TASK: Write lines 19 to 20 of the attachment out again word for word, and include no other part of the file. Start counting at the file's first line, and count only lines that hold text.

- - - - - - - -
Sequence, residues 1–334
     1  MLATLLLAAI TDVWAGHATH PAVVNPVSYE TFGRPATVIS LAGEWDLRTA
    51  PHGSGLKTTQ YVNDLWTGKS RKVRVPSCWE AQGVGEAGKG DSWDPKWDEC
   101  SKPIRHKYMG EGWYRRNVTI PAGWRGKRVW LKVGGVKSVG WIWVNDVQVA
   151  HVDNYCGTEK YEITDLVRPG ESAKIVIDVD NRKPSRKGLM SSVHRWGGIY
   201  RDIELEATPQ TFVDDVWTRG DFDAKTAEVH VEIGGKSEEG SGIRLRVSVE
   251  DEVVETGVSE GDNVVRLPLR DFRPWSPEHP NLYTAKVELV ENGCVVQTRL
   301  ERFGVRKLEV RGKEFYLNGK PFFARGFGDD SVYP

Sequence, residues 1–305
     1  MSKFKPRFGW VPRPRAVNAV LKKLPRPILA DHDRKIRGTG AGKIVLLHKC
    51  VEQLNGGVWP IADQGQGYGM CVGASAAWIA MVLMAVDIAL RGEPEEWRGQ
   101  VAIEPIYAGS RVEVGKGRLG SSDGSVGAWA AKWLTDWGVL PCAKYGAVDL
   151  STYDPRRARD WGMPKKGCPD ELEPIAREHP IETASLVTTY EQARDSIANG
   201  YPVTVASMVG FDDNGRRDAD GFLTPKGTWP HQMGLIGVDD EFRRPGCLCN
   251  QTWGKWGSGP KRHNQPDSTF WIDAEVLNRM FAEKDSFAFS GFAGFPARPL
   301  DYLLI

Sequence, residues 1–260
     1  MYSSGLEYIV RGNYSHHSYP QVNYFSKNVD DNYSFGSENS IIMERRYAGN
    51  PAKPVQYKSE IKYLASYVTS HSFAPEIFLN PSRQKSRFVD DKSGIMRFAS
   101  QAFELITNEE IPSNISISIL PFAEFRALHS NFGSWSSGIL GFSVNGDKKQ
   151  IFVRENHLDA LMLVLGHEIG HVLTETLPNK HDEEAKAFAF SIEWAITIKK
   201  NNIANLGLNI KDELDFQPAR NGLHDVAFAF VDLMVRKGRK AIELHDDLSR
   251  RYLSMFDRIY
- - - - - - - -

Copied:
    51  PAKPVQYKSE IKYLASYVTS HSFAPEIFLN PSRQKSRFVD DKSGIMRFAS
   101  QAFELITNEE IPSNISISIL PFAEFRALHS NFGSWSSGIL GFSVNGDKKQ